Common Library

This page summarizes library functions available in the Cairo common library. The common library is written in Cairo the code can be found here. It provides a level of abstraction for common and useful components that can be imported for use in any Cairo program.

The libraries available are listed below, organized alphabetically. The functions within each library are outlined under the relevant library heading.

A note about implicit arguments: Some descriptions state that the library function “requires the implicit argument <argument>”. Where this is the case, the decision to pass the argument follows the rule: If the parent function already has the required argument as an implicit argument, the braces can be omitted. Otherwise, it should be given explicitly. For example, implicit arguments may be range_check_ptr or dict_ptr. See Implicit arguments for more information.

In the example below, two of the three functions require the implicit argument x. In function_without_implicit_arg(), a function is called passing argument x explicitly. In function_with_implicit_arg{x}(), a function is called passing argument x implicitly.

func function_without_implicit_arg():
    let x = 0
    # x must be passed explicitly since it's not an
    # implicit argument of this function.
    function_with_implicit_arg{x=x}()
    return ()
end

func function_with_implicit_arg{x}():
    # x is an implicit argument of this function
    # so it does not need to be passed explicitly.
    another_function_with_implicit_arg()
    return ()
end

func another_function_with_implicit_arg{x}():
    return ()
end

alloc

This section refers to the common library’s alloc module.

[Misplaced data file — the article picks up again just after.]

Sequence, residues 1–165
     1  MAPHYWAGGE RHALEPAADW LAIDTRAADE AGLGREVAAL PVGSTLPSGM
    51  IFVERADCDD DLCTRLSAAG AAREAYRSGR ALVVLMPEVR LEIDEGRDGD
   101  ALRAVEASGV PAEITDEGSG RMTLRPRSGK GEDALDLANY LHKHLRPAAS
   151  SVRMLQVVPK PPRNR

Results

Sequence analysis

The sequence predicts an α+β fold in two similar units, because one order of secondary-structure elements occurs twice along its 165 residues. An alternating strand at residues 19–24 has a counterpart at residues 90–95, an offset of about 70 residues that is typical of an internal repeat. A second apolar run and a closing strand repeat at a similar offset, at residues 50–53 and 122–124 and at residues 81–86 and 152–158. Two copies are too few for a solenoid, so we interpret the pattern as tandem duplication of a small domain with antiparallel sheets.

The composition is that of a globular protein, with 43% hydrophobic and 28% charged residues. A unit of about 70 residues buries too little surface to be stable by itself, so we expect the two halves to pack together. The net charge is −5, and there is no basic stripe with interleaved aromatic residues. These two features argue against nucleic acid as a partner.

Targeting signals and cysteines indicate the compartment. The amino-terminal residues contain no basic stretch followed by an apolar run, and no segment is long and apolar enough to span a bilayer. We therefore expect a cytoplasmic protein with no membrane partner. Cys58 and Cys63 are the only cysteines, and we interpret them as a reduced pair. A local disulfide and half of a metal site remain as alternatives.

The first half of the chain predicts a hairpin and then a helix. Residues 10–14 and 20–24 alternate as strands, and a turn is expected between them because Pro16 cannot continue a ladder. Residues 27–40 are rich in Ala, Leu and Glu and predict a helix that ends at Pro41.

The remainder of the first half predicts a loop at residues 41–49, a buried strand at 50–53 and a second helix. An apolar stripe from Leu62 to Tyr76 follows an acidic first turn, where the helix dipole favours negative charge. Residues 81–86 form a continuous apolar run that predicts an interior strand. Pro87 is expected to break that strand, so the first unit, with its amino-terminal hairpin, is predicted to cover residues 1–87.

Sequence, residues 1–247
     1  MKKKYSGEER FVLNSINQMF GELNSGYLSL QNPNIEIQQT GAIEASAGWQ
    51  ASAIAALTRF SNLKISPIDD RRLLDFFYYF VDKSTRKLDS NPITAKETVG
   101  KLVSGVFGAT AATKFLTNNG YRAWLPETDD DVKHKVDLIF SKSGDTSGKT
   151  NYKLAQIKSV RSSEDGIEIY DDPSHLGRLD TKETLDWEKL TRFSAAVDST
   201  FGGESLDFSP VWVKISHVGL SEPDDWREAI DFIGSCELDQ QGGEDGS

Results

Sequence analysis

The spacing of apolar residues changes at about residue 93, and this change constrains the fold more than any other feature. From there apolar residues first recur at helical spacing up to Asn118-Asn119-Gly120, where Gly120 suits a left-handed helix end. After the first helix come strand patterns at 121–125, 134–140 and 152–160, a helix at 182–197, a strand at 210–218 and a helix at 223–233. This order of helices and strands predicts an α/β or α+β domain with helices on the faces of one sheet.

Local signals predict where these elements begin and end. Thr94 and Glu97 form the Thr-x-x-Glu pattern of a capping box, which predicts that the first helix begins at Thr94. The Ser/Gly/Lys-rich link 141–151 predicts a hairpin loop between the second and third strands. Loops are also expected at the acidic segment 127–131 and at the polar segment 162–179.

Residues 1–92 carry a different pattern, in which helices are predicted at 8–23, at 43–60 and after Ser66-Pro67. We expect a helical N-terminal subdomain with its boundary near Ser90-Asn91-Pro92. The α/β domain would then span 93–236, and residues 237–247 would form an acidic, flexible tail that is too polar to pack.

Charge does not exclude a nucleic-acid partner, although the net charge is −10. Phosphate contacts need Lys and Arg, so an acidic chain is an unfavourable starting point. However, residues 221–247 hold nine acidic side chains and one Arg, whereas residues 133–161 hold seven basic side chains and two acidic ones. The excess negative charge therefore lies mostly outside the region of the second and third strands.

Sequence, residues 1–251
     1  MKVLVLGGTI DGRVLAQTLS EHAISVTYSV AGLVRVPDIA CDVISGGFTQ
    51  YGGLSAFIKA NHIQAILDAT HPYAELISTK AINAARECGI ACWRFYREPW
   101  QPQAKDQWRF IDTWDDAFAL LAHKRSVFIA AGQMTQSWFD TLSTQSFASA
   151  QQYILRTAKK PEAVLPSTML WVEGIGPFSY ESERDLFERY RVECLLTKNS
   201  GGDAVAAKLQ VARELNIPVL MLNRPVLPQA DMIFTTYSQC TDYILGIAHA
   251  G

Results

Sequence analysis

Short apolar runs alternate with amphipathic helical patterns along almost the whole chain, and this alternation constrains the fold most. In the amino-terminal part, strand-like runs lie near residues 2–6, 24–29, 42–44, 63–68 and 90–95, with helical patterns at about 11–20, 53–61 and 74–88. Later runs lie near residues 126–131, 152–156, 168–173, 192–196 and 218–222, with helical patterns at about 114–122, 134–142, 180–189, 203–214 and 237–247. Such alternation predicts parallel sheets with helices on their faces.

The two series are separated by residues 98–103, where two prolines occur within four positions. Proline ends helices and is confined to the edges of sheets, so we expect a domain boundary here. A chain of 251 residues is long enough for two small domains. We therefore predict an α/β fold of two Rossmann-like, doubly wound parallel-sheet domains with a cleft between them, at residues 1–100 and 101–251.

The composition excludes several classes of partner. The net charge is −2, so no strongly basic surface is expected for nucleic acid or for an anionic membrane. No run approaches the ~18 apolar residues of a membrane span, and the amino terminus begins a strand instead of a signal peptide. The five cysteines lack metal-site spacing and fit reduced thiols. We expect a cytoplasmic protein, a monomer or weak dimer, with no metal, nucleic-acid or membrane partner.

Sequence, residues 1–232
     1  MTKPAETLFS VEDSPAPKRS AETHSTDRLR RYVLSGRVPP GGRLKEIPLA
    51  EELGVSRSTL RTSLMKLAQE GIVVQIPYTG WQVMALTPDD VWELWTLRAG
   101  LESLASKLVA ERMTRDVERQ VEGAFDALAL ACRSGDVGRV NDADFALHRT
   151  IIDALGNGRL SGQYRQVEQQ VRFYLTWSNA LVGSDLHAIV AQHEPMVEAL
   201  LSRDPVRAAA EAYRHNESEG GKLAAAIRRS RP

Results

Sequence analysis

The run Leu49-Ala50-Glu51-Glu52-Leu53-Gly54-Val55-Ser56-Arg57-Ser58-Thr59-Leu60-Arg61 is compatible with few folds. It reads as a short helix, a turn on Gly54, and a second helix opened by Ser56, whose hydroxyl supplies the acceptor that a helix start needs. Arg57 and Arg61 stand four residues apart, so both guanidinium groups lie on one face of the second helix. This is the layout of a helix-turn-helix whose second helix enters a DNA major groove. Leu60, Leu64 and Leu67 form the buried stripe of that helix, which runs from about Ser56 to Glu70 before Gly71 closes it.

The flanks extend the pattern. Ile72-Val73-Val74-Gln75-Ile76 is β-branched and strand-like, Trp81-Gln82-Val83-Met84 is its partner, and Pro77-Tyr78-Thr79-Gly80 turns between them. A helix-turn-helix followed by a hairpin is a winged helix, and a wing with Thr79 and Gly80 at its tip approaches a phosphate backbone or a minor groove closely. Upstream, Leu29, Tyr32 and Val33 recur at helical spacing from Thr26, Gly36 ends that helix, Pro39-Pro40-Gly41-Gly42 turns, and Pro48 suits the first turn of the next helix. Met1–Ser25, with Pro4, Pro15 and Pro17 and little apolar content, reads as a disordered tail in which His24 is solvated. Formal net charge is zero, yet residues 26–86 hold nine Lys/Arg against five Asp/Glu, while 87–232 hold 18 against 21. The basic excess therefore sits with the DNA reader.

alloc()

Returns a pointer to a newly allocated memory segment. This is useful when defining dynamically allocated arrays. As more elements are added, more memory will be allocated.

from starkware.cairo.common.alloc import alloc

# Allocate a memory segment.
let (array_ptr : felt*) = alloc()

# Allocate a memory segment for an array of structs.
let (local struct_array_ptr : MyStruct*) = alloc()

bitwise

This section refers to the common library’s bitwise module.

bitwise_and()

Returns the result of the bitwise AND operation of two elements. Requires an implicit argument, bitwise_ptr of type BitwiseBuiltin*.

The function accepts the explicit arguments:

  • x of type felt, the first operand.

  • y of type felt, the second operand.

The function returns the value:

  • x_and_y of type felt, the result of the bitwise AND operation a & b.

The example below shows the operation on binary inputs 1100 and 1010 results in 1000:

from starkware.cairo.common.bitwise import bitwise_and

let (result) = bitwise_and(12, 10)  # Binary (1100, 1010).
assert result = 8  # Binary 1000.

bitwise_xor()

Returns the result of the bitwise XOR operation on two elements. Requires an implicit argument, bitwise_ptr of type BitwiseBuiltin*.

The function accepts the explicit arguments:

  • x of type felt, the first operand.

  • y of type felt, the second operand.

The function returns the value:

  • x_xor_y of type felt, the result of the bitwise XOR operation a ^ b.

The example below shows the operation on binary inputs 1100 and 1010 results in 0110:

from starkware.cairo.common.bitwise import bitwise_xor

let (result) = bitwise_xor(12, 10)  # Binary (1100, 1010).
assert result = 6  # Binary 0110.

bitwise_or()

Returns the result of the bitwise OR operation on two elements. Requires an implicit argument, bitwise_ptr of type BitwiseBuiltin*.

The function accepts the explicit arguments: